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Breaking down Fantasy Basketball impact of Blake Griffin trade

By Alex Barutha, RotoWire
Special to Yahoo Sports

In an unexpected, blockbuster move, the Clippers opted to ship Blake Griffin off to Detroit, just months after signing him to a five-year, $173 million contract. Also packaged in the trade from LA are Brice Johnson and Willie Reed. The Pistons, to acquire Griffin, sent out Tobias Harris, Avery Bradley, Boban Marjanovic, protected first-round draft pick and a second-round pick.

The Clippers could still unload DeAndre Jordan and maybe Lou Williams, so the roster could change even more between now and the Feb. 8 trade deadline. For now, though, we’ll have to evaluate the teams as they are. I’ll break down the key players in the trade and how their roles could change, as well as highlighting some other players who will be affected positively or negatively.

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Blake Griffin

The two leading shot-takers for the Pistons prior to the trade were Tobias Harris (14.8 FGA/G) and Avery Bradley (14.3), who are both now members of the Clippers. As a result, Griffin (17.5 FGA/A) should walk into a huge scoring role for the Pistons, almost by default. The Pistons are also devoid of much isolation scoring talent, so Griffin may be asked to be just as much, if not more, of a facilitator as he was in LA (5.4 assists per game). It’s hard to imagine his rebounding numbers increasing considering the presence of Andre Drummond, who is arguably a better rebounder than DeAndre Jordan.

The Pistons do rank 21st in pace compared to the Clippers’ 11th, but there is only a difference of 2.5 possessions per 48 minutes, which isn’t significant enough to affect Griffin’s production in and of itself. Overall, I don’t think the move affects Griffin’s fantasy stock much, if at all.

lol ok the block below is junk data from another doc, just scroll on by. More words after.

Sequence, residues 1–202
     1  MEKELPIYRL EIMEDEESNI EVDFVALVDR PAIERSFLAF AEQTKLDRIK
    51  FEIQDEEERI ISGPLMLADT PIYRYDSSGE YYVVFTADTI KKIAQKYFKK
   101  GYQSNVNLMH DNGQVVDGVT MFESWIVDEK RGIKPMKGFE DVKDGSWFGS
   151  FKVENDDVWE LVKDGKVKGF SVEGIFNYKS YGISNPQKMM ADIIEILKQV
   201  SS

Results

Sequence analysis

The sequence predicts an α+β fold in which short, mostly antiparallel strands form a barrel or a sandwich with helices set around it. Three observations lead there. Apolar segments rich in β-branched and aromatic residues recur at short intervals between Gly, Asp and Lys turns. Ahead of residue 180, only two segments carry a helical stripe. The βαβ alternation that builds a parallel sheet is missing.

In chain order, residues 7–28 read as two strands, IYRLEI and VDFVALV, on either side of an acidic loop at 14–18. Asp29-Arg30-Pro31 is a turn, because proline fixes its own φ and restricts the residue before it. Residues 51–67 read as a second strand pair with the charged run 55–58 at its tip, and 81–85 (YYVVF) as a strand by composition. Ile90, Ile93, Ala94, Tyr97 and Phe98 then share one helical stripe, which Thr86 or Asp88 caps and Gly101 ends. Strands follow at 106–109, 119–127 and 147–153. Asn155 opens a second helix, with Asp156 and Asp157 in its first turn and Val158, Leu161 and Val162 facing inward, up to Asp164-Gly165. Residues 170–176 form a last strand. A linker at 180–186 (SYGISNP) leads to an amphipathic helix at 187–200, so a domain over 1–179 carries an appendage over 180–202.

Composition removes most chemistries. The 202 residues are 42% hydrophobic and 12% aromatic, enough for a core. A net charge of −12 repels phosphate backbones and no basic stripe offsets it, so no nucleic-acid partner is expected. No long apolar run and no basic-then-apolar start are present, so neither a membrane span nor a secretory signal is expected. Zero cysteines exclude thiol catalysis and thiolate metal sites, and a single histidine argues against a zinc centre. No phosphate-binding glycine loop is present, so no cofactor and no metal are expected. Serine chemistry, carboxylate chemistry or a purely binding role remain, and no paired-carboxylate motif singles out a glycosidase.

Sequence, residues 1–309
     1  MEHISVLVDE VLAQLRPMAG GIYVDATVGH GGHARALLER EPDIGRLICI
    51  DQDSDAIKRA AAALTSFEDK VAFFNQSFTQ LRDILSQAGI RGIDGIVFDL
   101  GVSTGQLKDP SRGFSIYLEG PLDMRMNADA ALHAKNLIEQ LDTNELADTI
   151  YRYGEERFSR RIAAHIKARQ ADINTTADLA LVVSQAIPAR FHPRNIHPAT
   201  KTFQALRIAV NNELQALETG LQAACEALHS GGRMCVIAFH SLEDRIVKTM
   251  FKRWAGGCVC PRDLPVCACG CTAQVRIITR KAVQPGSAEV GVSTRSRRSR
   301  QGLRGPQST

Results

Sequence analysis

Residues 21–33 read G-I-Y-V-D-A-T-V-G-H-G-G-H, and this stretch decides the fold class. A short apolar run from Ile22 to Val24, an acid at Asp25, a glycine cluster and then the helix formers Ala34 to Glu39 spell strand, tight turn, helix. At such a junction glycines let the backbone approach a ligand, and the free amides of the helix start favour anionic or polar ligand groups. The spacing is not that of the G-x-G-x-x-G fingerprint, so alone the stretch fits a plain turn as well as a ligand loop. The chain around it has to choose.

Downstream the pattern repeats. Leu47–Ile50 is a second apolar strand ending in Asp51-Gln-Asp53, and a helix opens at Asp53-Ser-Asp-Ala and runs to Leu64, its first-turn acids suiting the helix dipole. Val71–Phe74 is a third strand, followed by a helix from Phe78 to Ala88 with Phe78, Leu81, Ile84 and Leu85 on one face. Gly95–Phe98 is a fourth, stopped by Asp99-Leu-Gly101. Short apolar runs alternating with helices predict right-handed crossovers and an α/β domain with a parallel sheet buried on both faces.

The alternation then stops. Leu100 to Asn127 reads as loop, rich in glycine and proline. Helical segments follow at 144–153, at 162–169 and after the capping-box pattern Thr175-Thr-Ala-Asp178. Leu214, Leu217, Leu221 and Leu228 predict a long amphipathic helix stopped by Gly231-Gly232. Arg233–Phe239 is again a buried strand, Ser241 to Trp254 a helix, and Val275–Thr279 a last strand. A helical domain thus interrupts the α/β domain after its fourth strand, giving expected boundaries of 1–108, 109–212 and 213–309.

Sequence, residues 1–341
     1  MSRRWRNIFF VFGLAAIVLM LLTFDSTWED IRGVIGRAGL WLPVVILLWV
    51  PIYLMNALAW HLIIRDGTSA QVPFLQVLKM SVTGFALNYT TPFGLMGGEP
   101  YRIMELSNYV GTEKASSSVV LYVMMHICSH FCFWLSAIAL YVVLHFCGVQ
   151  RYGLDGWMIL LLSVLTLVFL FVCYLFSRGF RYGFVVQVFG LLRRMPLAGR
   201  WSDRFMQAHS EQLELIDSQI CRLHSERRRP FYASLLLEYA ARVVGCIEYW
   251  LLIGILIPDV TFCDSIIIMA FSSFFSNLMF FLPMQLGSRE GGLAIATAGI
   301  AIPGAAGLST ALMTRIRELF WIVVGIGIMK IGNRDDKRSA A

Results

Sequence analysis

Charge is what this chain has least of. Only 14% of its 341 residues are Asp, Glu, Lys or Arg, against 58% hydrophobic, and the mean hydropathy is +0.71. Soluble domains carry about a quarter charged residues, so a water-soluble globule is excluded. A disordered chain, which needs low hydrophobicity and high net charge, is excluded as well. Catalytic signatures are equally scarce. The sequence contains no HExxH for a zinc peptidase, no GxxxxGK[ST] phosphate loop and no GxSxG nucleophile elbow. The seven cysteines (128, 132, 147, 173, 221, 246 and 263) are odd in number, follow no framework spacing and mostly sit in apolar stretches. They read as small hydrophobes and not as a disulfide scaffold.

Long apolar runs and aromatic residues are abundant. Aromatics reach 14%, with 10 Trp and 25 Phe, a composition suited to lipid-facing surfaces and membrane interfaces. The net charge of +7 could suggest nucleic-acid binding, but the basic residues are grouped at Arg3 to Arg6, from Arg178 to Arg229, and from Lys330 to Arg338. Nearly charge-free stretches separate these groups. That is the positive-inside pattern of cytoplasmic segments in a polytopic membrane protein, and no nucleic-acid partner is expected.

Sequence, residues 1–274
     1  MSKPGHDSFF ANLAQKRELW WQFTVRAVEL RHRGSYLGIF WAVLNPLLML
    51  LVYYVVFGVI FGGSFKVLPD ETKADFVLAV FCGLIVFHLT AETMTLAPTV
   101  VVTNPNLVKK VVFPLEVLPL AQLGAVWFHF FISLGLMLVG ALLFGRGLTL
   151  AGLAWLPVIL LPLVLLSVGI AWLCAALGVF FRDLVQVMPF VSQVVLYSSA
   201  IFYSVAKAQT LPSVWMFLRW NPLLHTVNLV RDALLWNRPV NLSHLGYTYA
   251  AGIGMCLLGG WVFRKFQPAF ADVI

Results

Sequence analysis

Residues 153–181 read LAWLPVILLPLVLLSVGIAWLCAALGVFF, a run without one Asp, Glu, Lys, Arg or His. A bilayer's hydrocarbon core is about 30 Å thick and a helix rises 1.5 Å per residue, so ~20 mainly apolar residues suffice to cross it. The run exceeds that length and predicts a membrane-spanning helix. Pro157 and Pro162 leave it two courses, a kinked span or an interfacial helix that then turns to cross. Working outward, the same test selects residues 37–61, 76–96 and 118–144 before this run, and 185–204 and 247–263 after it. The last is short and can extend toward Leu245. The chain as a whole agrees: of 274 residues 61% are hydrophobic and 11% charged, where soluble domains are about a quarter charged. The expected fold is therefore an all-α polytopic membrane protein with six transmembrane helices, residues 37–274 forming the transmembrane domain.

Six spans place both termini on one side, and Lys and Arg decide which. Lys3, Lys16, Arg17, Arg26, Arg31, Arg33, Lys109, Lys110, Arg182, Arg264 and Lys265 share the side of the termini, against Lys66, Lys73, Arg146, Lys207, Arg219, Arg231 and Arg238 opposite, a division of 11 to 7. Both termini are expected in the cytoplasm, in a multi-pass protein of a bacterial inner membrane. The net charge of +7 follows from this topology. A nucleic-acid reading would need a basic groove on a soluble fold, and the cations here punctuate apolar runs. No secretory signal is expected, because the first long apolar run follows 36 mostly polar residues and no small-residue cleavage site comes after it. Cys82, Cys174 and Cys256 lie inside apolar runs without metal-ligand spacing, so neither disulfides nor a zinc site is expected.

Luke Kennard and Reggie Bullock

I’ve opted not to include Stanley Johnson as a wing player who may benefit from Bradley’s and Harris’ absence because he only averages 8.7 points (on 9.7 shots), 4.7 rebounds, 2.4 assists and 1.6 steals when he sees at least 30 minutes. He’s also shooting 35.1 percent from the field and 27.9 percent from three on the season. I can’t imagine any of that changing significantly because of a trade.

Kennard and Bullock could see upticks in production, however. Both are excellent three-point shooters (Kennard at 43.0 percent and Bullock at 44.0 percent) and should see increased attempts, especially with the defense likely focusing a lot of effort on Griffin. Per 36 minutes, Kennard averages 2.2 three-pointers made, while Bullock averages 2.3. Kennard also now ranks fifth on the team in usage among players who have played at least 500 minutes (minus Reggie Jackson), boding well for increased touches. Neither player is a must-add in standard formats, but both are worth looks as the team finds its new identity.

Avery Bradley

Bradley will seemingly absorb most of C.J. Williams’ and Tyrone Wallace’s minutes, likely rendering both of them irrelevant in fantasy. Regardless, it’s tough to imagine Bradley will be a more productive player with the Clippers, as he was already boasting a 24.4 percent usage rate with Detroit and averaging 15.0 points (40.9 percent), 2.4 rebounds, 2.1 assists, 1.9 threes and 1.2 steals across 31.7 minutes.